We recently published our latest Mobile Scorecard Report on the top 100 web-only retailers, and in the process of our analysis we fell upon some interesting findings about gender and its relationship to mobile optimization. Using Internet Retailer’s gender data on the top 500 e-commerce sites, we determined which companies had more male or female customers. Next, we aligned that gender data with our own scorecard rankings and discovered some interesting results.
In general, a significant majority of the best mobile-optimized sites also had more female customers. Most of the highest scoring sites had more female customers, while most of the lowest scoring sites had more male customers. Almost all of the highest scoring sites use configurations like Responsive Web Design and dedicated mobile sites, so it makes sense that the majority of sites using these more mobile-optimized configurations also skewed towards companies with more female customers.
Why is it that sites that are more mobile-ready tend to have a greater female customer base? Kirby Burke, Associate Manager of Earned Media, thinks this gendered trend makes a lot of sense:
“The three verticals with the best user experience all focus on products which are aesthetically pleasing: jewelry, health/beauty and apparel/accessories. Presentation is a significant part of selling these products. An optimized mobile site with great user experience is the online equivalent to a high-end, brick-and-mortar, retail location. It makes customers feel comfortable and encourages them to browse the inventory. Having a well-designed site also builds trust. I personally wouldn’t purchase anything from a mobile site which is poorly built, especially an expensive gift such as a piece of jewelry.”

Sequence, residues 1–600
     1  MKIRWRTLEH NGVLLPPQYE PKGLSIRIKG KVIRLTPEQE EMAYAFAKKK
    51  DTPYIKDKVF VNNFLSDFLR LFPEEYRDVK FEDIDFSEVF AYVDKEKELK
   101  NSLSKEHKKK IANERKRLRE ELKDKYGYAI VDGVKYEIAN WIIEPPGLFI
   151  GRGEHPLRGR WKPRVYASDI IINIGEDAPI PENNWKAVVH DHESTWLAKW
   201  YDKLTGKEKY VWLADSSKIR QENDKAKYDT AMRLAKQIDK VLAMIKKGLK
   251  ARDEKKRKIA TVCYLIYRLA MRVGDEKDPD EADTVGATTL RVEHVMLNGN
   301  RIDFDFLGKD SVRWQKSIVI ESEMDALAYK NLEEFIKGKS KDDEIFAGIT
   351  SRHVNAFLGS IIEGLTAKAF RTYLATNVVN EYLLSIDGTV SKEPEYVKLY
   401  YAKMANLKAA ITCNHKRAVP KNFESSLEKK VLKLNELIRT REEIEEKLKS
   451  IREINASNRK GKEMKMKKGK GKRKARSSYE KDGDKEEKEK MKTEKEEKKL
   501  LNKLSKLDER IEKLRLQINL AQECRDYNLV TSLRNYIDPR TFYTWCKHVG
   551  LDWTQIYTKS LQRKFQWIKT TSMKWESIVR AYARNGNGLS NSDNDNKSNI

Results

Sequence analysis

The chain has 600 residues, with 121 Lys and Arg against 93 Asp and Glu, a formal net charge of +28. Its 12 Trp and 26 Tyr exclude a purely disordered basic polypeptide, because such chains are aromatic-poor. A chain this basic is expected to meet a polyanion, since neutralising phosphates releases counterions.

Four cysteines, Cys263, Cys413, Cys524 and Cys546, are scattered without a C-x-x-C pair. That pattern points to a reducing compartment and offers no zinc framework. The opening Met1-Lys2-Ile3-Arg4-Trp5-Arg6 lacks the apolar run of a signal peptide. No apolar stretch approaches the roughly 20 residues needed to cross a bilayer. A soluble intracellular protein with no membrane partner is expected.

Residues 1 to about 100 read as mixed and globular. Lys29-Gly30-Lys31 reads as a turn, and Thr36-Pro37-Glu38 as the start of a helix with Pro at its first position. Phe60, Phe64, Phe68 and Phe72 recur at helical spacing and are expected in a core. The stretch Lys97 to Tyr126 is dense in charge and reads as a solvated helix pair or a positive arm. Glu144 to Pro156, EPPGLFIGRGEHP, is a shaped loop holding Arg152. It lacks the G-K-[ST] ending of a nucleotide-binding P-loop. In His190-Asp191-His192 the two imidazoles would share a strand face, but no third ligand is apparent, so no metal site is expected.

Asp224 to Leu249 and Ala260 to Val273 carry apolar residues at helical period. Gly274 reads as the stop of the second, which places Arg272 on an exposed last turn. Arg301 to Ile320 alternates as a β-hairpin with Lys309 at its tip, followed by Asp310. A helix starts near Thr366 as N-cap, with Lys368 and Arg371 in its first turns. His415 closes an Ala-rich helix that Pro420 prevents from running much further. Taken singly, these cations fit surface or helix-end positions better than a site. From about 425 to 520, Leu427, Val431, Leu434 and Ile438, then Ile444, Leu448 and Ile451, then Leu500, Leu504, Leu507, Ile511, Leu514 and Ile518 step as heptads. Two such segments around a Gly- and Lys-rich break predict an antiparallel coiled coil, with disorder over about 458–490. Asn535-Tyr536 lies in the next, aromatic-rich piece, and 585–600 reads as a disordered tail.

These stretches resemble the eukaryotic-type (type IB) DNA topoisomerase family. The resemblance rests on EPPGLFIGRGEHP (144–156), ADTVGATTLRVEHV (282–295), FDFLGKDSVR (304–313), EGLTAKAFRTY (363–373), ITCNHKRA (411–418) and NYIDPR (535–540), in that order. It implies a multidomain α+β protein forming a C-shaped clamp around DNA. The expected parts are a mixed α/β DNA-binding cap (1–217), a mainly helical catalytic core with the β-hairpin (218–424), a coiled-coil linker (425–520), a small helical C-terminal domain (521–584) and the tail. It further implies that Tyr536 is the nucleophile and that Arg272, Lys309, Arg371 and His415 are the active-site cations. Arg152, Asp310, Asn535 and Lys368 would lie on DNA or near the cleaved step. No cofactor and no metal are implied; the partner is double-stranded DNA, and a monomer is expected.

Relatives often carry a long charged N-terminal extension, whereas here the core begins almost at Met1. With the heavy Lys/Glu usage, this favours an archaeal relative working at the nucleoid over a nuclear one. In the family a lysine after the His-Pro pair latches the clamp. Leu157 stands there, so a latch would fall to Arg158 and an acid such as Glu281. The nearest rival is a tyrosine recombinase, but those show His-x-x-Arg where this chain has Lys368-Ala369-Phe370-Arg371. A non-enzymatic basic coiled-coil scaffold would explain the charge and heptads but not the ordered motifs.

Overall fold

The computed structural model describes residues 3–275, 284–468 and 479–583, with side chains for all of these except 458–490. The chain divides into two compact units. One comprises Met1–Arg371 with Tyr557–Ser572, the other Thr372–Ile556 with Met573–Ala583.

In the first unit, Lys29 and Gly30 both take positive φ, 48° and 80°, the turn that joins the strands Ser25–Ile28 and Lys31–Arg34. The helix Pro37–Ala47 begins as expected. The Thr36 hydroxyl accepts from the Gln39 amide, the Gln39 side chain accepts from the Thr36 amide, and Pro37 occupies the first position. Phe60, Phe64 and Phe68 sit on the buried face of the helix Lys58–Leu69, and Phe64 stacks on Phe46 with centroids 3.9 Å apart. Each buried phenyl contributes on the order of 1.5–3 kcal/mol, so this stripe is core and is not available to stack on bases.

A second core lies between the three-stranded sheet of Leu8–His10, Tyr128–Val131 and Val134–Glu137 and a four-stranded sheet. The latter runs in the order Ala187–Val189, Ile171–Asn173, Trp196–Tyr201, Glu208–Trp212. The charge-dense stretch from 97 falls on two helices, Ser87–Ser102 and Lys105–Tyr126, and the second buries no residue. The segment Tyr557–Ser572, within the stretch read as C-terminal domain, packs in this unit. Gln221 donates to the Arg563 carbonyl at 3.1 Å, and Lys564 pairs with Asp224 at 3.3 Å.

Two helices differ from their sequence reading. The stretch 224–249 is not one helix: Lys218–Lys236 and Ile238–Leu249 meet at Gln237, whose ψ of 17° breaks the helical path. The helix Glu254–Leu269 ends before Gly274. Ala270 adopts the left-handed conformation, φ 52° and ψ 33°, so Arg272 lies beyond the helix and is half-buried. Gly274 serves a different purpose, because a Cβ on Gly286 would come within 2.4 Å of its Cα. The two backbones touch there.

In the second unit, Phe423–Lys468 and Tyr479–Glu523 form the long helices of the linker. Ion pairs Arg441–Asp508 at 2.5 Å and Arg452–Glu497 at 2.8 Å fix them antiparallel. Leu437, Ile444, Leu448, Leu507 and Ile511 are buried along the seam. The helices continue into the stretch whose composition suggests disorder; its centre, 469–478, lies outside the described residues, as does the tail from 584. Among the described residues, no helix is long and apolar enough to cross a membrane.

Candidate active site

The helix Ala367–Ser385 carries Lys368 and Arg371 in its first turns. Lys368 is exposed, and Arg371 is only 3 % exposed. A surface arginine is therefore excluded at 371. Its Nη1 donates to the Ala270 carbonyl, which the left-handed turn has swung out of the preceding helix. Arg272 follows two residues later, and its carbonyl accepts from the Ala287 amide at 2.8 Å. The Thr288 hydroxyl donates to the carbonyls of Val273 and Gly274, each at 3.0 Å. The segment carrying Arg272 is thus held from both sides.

Perhaps this suggests that companies that cater towards women are selling products for which the aesthetic appeal is a significant selling point. Displaying these products in visually compelling ways across all devices would be a major priority. As a result, these businesses might be ahead of other web-only companies in the mobile-optimization race because they found more reason earlier on to cater to the customers (in this case, females) who would respond to mobile friendly sites.
What do you think? Does gender play a significant role in why some companies are excelling with their mobile experience and others are lagging behind?